New report examines Biodiversity Offsets Case Study from Madagascar

Amrei von Hase, Andrew Cooke, Aris­tide Andri­a­narim­isa, Riv­olala Andri­amparany, Vanessa Mass, Robin Mitchell and Kerry ten Kate Have pub­lished a new report on the BBOP Ambat­ovy min­ing case study in Mada­gas­car enti­tled “Work­ing Towards No Net Loss and Beyond. Ambat­ovy, Mada­gas­car — A Case Study (2014)”.

You can down­load it from the BBOP library (thanks Patrick for shar­ing this infor­ma­tion). The doc­u­ment is avail­able online. For more infor­ma­tion see the abstract and some of the authors’ con­clu­sions below.


Ambat­ovy joined the Busi­ness and Bio­di­ver­sity Off­sets Pro­gramme (BBOP) in 2006 as a pilot project. In 2009, Ambat­ovy, together with BBOP, pub­lished a case study on the company’s bio­di­ver­sity man­age­ment and off­set work up to that point (avail­able at les/doc_3118.pdf). The present doc­u­ment serves as an update on Ambatovy’s progress achieved since then and fol­low­ing a second-party eval­u­a­tion (pre-audit) against the BBOP Stan­dard on Bio­di­ver­sity Off­sets (BBOP, 2012) and the Inter­na­tional Finance Corporation’s Per­for­mance Stan­dard 6 (IFC, 2012). For more detail and a his­tory of the company’s work in apply­ing the mit­i­ga­tion hier­ar­chy and bio­di­ver­sity off­set­ting, it is use­ful also to refer back to the 2009 orig­i­nal case study.


In con­clu­sion: Expe­ri­ence has shown that off­set­ting of resid­ual bio­di­ver­sity impacts must be seen as an inte­gral part of the mit­i­ga­tion hier­ar­chy, involv­ing fi rst and fore­most the design and imple­men­ta­tion of rig­or­ous, defen­si­ble, and real­is­tic avoid­ance, min­imi­sa­tion, and restora­tion mea­sures. Fur­ther­more, putting in place an adap­tive man­age­ment approach to rec­on­cile the assump­tions upon which the mit­i­ga­tion mea­sures were based with empir­i­cal evi­dence of their results is essen­tial. These ele­ments of best prac­tice are fun­da­men­tal to the approach taken by Ambat­ovy in order to sup­port the company’s efforts to fulfi l its com­mit­ment to no net loss of bio­di­ver­sity in line with inter­na­tional stan­dards and evolv­ing best practice.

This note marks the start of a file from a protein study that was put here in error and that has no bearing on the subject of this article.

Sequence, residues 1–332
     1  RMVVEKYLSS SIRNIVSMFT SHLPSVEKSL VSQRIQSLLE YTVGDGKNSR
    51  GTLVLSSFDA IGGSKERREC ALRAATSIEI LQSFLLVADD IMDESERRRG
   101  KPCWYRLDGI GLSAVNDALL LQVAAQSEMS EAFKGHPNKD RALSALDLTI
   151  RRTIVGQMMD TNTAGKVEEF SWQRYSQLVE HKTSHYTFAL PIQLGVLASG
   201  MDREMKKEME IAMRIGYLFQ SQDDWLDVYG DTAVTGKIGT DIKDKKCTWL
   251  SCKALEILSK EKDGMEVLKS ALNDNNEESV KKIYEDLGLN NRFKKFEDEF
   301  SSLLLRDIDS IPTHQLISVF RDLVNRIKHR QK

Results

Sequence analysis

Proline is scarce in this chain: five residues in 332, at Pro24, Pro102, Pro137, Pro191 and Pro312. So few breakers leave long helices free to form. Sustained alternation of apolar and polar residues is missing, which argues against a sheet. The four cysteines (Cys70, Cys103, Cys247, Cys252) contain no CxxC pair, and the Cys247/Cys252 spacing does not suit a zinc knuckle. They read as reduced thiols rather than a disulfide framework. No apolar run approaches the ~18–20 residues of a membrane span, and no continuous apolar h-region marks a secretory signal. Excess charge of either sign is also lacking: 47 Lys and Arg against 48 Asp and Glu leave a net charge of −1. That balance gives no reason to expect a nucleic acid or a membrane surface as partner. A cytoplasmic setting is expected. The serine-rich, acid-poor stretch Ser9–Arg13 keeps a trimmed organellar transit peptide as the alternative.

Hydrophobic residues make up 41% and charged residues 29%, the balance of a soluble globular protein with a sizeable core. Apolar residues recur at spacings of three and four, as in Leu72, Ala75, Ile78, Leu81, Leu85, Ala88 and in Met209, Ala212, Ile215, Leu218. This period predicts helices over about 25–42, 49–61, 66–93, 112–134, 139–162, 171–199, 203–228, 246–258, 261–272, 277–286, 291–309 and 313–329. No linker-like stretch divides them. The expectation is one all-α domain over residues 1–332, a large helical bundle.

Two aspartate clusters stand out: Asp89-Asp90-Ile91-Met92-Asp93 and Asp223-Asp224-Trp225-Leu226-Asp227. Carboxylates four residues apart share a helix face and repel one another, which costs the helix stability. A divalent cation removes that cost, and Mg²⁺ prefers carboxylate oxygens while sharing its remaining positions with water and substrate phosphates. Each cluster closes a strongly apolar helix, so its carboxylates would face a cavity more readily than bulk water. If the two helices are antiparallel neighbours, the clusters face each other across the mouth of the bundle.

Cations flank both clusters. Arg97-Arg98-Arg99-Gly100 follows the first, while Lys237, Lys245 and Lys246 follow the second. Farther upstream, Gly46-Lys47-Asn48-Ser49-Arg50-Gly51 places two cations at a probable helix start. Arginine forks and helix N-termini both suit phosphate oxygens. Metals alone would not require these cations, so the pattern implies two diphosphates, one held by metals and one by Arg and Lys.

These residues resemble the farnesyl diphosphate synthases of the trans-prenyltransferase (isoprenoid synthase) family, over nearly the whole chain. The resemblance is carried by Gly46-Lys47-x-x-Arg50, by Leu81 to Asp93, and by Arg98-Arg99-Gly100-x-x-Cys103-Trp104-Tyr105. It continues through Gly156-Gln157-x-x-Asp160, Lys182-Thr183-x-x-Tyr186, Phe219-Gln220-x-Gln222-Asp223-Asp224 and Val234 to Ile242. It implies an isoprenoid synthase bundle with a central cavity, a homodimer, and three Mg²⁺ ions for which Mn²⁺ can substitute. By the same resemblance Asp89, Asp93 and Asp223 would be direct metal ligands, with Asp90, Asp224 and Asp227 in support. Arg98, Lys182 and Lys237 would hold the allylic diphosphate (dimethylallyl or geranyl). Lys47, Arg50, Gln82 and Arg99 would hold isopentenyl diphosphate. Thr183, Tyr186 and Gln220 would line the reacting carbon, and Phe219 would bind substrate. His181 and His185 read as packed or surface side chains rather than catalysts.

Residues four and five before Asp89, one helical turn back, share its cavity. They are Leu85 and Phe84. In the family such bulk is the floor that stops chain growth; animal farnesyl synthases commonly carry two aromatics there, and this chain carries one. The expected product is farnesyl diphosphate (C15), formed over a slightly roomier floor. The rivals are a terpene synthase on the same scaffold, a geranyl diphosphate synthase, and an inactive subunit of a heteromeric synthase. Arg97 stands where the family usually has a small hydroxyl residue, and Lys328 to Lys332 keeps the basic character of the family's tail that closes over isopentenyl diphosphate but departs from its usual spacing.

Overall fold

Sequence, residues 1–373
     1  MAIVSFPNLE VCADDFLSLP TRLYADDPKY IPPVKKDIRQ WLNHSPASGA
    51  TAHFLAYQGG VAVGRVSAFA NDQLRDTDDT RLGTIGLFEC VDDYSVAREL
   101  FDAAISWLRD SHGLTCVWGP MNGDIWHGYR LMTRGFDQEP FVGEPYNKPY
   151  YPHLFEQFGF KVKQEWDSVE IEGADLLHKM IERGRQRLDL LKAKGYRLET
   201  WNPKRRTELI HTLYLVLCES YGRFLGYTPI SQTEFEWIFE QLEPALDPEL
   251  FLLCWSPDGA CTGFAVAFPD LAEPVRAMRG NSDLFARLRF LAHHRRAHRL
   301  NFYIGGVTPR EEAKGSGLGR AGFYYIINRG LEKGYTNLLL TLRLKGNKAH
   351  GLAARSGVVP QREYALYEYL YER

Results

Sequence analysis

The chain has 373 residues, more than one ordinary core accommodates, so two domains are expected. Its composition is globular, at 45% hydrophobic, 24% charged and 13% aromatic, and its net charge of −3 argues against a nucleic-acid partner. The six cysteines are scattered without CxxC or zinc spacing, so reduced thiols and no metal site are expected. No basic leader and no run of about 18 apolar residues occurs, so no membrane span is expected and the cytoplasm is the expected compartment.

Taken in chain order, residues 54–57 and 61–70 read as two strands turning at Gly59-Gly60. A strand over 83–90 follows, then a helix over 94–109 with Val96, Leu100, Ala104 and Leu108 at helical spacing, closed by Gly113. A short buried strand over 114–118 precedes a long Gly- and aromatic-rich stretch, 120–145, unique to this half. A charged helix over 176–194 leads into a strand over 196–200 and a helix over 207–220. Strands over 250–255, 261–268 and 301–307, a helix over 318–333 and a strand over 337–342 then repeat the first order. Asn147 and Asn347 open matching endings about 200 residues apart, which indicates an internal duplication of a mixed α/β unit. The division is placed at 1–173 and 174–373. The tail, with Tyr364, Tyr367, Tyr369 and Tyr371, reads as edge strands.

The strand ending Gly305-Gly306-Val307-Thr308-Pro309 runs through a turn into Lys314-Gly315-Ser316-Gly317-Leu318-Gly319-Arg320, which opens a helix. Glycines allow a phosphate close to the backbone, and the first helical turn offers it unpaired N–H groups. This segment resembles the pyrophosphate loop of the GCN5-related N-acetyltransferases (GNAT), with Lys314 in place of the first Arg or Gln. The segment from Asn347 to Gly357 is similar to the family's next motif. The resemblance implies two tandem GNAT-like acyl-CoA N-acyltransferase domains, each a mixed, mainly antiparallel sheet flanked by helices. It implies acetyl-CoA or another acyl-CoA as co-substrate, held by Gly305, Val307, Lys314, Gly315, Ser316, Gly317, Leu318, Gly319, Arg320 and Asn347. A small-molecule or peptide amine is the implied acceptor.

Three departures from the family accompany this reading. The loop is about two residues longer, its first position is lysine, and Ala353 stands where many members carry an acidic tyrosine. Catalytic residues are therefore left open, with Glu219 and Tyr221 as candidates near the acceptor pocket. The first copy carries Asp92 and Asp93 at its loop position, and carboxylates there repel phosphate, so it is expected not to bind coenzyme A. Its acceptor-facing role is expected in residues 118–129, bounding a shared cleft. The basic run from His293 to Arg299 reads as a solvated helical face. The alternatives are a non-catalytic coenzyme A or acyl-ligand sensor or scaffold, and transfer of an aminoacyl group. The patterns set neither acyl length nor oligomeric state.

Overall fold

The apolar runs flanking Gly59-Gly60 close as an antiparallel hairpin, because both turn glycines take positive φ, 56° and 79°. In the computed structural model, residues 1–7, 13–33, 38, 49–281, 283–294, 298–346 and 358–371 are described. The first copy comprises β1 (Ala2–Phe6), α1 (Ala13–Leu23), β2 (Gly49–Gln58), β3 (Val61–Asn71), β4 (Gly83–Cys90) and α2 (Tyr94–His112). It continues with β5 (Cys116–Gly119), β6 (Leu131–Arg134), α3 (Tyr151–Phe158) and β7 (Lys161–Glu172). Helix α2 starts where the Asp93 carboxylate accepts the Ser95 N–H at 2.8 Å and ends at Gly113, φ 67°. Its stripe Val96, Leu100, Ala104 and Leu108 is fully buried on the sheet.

A num­ber of tech­ni­cal and prac­ti­cal chal­lenges are involved in work­ing towards the goal of no net loss. These have included aspects such as defi ning appro­pri­ate bio­di­ver­sity met­rics, col­lect­ing the data required for ana­lyz­ing and mon­i­tor­ing bio­di­ver­sity across a range of sites, and devel­op­ing and retain­ing the exper­tise required to sup­port this work. It is not easy, per­haps espe­cially in a sit­u­a­tion char­ac­terised by high lev­els of bio­di­ver­sity, to move beyond the most basic met­rics (such as habi­tat hectares) to include pri­or­ity species or to develop prac­ti­cal mon­i­tor­ing sys­tems to pro­vide inde­pen­dently ver­ifi able infor­ma­tion. Guid­ance from exter­nal spe­cial­ists has been essen­tial, yet the avail­able pool of skills in this area of exper­tise is still quite lim­ited. Fur­ther­more, the imple­men­ta­tion of effec­tive and last­ing bio­di­ver­sity con­ser­va­tion mea­sures is not a triv­ial task in a con­text such as pre­sented by Madagascar.

These chal­lenges should not, how­ever, be allowed to delay mea­sures to address the com­plex social and eco­nomic chal­lenges that need to be addressed to develop appro­pri­ate and ade­quate bio­di­ver­sity off­sets. The Bio­di­ver­sity Off­set Stan­dard, in par­tic­u­lar, is help­ful in high­light­ing the key prin­ci­ples and require­ments for mak­ing off­sets a defen­si­ble and last­ing com­po­nent of the mit­i­ga­tion hier­ar­chy. Over­all, the com­bi­na­tion of IFC per­for­mance stan­dards PS6 and PS1 and the Bio­di­ver­sity Off­set Stan­dard pro­vides a clear and coher­ent frame­work for achiev­ing no net loss or a net gain for bio­di­ver­sity and this has been indis­pens­able in guid­ing Ambatovy’s bio­di­ver­sity man­age­ment and con­ser­va­tion programme.

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